Equity councillor, 2010-14
Everyman still going strong
I was pleased to read your interview with Mark Goucher about taking over at our Everyman Theatre (February 15).
I was in the audience on the opening night in May 1960 and was pleased to see a full house again at Quartet recently. The future programme has a lot of excellent productions to look forward to. Good luck.
Quotes of the week
“Opera is like playing tennis or skiing; just because you’re not going to make the Winter Olympics it doesn’t mean you can’t have some lessons and have a great time going off-piste. It’s so exhilarating to participate.”
Musician, composer and producer Pamela Tan Nicholson (speaking at TriOperas and the V&A’s Passion, Power and Politics Open Forum event)
“One of the most transforming developments in British theatre this century is the vast increase in published plays. Great news that Samuel French is to reopen its bookshop, in London’s Royal Court. There couldn’t be a more suitable home.”
Playwright David Edgar (Twitter)
“I am a product of arts funding in the UK. I want to thank people who support that at mainstream arts and grass roots-levels. Thank you for letting me think different.”
Actor Daniel Kaluuya (2018 BAFTA film awards)
“Mr Duvall my old headmaster said I’d end up in prison. I did. But am on stage with Ann Marie-Duff and Rory Kinnear the week after next. #anythingispossible”
Actor Michael J Balogun (Twitter)
“Are we actually arguing that racist jokes and reducing other races to exotic fancy-dress costume is wholesome entertainment?”
Actor Daniel York on panto (Arts Professional)
“I never really thought that I’d write a musical until someone said ‘Do you want to write a musical?’ Part of the reason I did it was because when I started out I wrote a strange, magical realist play set on a council estate. At that time, the sort of received wisdom in theatre was you find your voice and you write that. And I thought that was rubbish and wasn’t interested in that at all. I looked at that play and I thought ‘I’m going to do something different’. I was inspired by Caryl Churchill actually, who constantly changes form.”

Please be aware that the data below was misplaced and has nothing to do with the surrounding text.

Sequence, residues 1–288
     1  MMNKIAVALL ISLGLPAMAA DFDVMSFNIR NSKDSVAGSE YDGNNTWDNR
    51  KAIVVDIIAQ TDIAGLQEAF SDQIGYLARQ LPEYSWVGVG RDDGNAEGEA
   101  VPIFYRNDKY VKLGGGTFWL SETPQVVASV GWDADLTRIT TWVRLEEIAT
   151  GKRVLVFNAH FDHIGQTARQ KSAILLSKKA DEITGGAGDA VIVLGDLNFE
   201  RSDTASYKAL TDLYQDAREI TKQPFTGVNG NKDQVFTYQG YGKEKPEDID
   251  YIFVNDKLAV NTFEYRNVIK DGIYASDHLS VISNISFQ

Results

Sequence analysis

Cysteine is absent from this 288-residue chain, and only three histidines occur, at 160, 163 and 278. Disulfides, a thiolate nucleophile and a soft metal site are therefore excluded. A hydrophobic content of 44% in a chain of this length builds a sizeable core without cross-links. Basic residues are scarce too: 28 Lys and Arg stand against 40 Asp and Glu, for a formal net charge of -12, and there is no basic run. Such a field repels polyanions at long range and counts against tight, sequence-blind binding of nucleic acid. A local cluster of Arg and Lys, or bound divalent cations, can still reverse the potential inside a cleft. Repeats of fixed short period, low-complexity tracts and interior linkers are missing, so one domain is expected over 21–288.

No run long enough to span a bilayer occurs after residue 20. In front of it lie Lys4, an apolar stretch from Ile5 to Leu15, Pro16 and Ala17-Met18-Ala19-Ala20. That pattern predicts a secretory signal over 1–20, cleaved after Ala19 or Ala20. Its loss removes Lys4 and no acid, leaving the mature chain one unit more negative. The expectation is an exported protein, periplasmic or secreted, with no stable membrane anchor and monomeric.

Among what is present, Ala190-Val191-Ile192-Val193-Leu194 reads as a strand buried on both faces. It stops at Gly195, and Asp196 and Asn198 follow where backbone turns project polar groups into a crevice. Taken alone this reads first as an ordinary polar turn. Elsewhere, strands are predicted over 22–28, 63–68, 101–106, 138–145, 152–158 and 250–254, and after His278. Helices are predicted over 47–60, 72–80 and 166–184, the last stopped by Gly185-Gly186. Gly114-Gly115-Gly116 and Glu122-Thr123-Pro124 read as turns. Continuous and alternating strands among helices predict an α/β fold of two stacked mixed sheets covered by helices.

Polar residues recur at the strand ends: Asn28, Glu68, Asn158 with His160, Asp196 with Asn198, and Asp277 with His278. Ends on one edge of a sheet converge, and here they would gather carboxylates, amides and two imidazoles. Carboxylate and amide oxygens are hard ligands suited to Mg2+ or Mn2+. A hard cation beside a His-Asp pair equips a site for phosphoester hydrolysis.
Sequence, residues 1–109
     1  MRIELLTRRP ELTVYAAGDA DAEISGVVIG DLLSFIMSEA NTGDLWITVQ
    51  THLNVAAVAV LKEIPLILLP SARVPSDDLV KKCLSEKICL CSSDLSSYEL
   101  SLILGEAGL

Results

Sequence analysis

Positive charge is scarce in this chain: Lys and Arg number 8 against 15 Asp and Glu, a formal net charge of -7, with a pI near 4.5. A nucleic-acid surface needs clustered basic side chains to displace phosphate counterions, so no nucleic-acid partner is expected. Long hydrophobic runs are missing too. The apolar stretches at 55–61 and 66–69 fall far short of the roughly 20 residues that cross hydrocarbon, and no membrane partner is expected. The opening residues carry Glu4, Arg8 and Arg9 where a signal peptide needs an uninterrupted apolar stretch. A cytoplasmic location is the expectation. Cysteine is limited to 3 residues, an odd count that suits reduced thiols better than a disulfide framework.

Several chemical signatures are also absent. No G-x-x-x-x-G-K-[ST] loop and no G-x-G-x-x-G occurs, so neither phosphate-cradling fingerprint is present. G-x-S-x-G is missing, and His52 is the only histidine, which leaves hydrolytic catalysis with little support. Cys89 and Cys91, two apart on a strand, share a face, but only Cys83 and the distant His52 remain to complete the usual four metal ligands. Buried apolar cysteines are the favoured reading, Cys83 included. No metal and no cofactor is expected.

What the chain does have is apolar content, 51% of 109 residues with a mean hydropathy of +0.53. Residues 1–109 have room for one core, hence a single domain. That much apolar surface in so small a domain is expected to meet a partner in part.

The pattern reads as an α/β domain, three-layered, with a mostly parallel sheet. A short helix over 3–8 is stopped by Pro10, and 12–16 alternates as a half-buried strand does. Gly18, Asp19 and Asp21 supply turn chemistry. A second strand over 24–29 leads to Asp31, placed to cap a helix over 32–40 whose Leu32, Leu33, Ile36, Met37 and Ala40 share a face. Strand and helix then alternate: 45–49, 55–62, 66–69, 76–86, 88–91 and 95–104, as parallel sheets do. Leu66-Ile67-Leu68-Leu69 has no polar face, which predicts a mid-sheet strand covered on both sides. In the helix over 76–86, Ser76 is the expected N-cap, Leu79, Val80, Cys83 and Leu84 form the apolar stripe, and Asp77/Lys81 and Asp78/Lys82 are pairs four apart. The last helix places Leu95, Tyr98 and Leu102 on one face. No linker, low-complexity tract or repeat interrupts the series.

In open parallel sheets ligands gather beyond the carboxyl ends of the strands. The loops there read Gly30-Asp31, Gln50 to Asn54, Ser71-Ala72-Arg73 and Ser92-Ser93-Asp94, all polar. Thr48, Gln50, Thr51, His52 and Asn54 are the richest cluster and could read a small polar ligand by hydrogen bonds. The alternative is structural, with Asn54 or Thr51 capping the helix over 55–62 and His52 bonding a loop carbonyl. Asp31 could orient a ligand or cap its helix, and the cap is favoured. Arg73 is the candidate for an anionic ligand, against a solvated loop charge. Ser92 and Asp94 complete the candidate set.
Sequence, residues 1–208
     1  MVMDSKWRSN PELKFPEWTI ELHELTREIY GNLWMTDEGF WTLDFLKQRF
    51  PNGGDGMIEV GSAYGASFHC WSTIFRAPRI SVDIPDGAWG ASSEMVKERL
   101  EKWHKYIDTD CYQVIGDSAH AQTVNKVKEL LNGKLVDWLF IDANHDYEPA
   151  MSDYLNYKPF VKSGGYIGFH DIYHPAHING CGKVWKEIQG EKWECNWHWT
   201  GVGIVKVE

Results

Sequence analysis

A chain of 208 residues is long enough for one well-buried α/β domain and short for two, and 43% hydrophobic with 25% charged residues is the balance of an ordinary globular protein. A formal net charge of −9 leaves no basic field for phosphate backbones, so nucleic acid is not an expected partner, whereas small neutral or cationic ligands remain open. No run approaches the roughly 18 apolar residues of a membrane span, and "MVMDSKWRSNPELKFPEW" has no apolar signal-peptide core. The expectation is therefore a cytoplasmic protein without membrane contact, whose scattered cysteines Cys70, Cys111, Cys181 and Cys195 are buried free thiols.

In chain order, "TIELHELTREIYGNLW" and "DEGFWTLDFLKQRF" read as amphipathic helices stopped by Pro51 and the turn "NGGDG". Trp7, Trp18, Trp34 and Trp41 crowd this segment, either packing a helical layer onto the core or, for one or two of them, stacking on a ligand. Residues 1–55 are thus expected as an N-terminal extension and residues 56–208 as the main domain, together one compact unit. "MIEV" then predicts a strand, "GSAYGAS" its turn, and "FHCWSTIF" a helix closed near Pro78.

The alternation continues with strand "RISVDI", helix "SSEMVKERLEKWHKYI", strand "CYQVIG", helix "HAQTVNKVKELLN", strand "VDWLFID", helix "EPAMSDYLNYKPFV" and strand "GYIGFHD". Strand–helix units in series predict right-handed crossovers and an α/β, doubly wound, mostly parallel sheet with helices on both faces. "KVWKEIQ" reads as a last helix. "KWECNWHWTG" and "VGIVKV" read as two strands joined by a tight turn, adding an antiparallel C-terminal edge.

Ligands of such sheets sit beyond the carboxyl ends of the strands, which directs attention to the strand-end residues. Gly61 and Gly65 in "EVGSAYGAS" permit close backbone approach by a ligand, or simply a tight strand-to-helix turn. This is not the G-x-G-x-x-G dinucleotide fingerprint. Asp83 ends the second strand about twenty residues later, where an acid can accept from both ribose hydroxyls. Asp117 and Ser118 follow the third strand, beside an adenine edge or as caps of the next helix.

Playwright Dennis Kelly (National Theatre platform on Pinocchio)
“[Film is] an industry that’s built on making you feel not quite good enough – that you haven’t quite got to where you should – and it’s so mixed up with selling stuff. The turnover of stars is brutal. You have to be zen, so it’s vital to stay working in theatre, which is more generous to older women and more collaborative. It’s the true form, for me.”
Ruth Wilson (Guardian)
What you said on Facebook
I’m in my third year on the BA (hons) acting course at RADA. My degree fee is practically the same as any other university course in the country. I’m working-class and have been supported through a bursary – an advantage many people at university don’t have.
Children from hard-working families are unable to fulfil their dreams because of extortionate prices. There should be more realistic pricing at these stage schools, so every child can have a chance of pursuing their dream.
I have a programme and ticket from every show I have ever seen. I feel that keeping these mementos is so vital to the life of the show.
I like the big glossy souvenir brochures even though they are usually grossly overpriced. I never buy a programme for a show I’ve already seen even if it has a new cast. I can get all the information I need through Google.
Graham H Shelmerdine